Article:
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Aug 1 (Reuters) - U.S. President Donald Trump's decision Thursday to impose new tariffs on Chinese imports has once more thrown the Federal Reserve a curve ball that may force the central bank to again cut interest rates to protect the U.S. economy from trade-policy risks. In a series of tweets, Trump said he will slap 10% tariffs on $300 billion of Chinese imports starting Sept. 1.
Trump announced a first tranche of duties, of 25% on $200 billion of Chinese goods, in May. The tariffs are aimed at putting pressure on the world's second biggest economy to strike a trade deal.
The drag those tariffs and other Trump trade policies have had on business sentiment and investment was a key driver of the Fed's decision this week to cut interest rates for the first time since the financial crisis.
Fed Chairman Jerome Powell said he viewed the cut as an insurance policy against the effects of trade uncertainty, weak global growth and low inflation, calling it a "mid-cycle adjustment" and not a start to a lengthy rate-cutting cycle.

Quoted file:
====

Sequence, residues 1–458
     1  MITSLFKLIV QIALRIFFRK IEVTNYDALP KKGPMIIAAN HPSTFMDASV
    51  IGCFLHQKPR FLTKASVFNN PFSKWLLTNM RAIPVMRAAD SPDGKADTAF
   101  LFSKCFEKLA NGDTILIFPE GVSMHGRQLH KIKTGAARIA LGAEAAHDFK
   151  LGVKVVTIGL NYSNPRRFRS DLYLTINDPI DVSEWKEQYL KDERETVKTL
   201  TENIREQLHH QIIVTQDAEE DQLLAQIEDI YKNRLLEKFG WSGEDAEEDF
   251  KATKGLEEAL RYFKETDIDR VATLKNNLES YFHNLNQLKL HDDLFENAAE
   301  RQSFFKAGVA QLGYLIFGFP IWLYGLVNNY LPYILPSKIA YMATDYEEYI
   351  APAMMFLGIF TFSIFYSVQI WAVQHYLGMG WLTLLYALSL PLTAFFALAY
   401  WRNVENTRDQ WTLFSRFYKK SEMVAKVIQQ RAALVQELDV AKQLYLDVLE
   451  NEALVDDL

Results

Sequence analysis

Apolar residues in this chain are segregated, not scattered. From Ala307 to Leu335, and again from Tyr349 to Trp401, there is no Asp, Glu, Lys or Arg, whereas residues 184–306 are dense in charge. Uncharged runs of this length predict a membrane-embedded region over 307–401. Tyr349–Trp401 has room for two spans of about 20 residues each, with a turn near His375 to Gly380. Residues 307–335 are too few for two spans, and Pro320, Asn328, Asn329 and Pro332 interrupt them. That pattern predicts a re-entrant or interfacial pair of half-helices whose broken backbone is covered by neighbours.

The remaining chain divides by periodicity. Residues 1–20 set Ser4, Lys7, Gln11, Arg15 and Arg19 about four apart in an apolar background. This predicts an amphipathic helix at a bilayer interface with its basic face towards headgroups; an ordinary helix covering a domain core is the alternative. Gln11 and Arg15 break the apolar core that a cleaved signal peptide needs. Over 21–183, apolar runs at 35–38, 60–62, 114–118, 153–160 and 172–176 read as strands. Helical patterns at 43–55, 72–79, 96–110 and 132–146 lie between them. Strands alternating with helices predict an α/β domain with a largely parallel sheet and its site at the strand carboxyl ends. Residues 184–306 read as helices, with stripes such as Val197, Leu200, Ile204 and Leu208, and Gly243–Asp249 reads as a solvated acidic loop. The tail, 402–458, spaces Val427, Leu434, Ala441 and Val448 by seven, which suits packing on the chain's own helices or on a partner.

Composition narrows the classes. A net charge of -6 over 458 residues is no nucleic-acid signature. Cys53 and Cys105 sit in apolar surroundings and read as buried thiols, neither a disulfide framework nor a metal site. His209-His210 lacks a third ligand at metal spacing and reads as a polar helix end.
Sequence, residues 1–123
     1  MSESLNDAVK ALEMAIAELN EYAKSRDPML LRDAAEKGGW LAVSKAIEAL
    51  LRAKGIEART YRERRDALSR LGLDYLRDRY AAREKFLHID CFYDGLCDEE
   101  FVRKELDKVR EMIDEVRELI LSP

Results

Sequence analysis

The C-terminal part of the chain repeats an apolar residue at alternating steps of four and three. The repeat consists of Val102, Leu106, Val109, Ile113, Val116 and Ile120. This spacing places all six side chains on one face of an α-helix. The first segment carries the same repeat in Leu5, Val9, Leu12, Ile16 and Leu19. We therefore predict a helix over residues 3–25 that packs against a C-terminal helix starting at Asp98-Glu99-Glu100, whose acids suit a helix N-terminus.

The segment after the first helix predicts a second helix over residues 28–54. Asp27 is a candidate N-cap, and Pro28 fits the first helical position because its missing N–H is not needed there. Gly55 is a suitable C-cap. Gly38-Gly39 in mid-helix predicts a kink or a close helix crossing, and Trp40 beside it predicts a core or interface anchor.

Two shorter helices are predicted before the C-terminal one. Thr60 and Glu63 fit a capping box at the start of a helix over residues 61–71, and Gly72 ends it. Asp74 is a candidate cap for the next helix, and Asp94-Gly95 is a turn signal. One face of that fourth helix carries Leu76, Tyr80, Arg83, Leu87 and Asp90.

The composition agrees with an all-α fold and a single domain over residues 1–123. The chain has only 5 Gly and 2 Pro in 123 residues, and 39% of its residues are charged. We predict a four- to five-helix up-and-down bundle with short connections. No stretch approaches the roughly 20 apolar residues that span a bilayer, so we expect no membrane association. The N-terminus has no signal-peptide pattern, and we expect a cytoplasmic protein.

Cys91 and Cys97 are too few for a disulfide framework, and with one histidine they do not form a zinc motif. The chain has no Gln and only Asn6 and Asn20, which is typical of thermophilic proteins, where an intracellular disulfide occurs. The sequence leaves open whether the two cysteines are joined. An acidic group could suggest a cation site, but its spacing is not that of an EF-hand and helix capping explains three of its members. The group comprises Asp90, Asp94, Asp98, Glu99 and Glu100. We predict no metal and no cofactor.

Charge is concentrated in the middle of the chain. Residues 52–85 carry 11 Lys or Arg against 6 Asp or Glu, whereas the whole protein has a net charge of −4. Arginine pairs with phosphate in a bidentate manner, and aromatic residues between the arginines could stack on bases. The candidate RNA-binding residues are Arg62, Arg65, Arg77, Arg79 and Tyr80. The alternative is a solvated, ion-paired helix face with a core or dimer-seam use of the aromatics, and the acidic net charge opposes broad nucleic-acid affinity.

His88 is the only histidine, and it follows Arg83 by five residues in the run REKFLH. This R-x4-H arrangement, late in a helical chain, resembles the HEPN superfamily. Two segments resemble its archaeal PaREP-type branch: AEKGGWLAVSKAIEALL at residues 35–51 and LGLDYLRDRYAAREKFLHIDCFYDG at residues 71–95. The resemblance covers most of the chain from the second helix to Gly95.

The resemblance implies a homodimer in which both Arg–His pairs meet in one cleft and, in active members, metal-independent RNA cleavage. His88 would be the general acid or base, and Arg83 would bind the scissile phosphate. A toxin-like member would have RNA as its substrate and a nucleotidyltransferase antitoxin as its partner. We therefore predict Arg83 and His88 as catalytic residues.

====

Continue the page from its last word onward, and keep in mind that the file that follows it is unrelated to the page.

If trade troubles deepen into a full blown trade war, DRW Holdings analyst Lou Brien said, "Any further Fed rate cuts will no longer be considered mid-course adjustments so much as they will be thought of as necessities to prevent a recession."
Traders are betting the new tariffs make a longer rate-cutting cycle more likely.
U.S. interest rate futures rallied as traders piled on bets that the central bank will cut rates two more times by year's end and reduce them further next year to offset risks from the escalating trade war.
Fed funds futures implied traders now see a 70% chance the Fed would lower rates again in September, up from 51% late on Wednesday, CME Group's FedWatch tool showed.
The fed funds complex suggested traders are rebuilding bets on a possible third rate cut by year-end with an implied 60% chance for such a move, up from 39% late Wednesday.
"The key word is 'uncertainty," said Richard Bernstein, chief executive at Richard Bernstein Advisors in New York. "Uncertainty acts like the Fed tightening. It raises risk premiums and stymies activity. Full stop."
(Additional reporting by Richard Leong; editing by Leslie Adler, Tom Brown and Cynthia Osterman)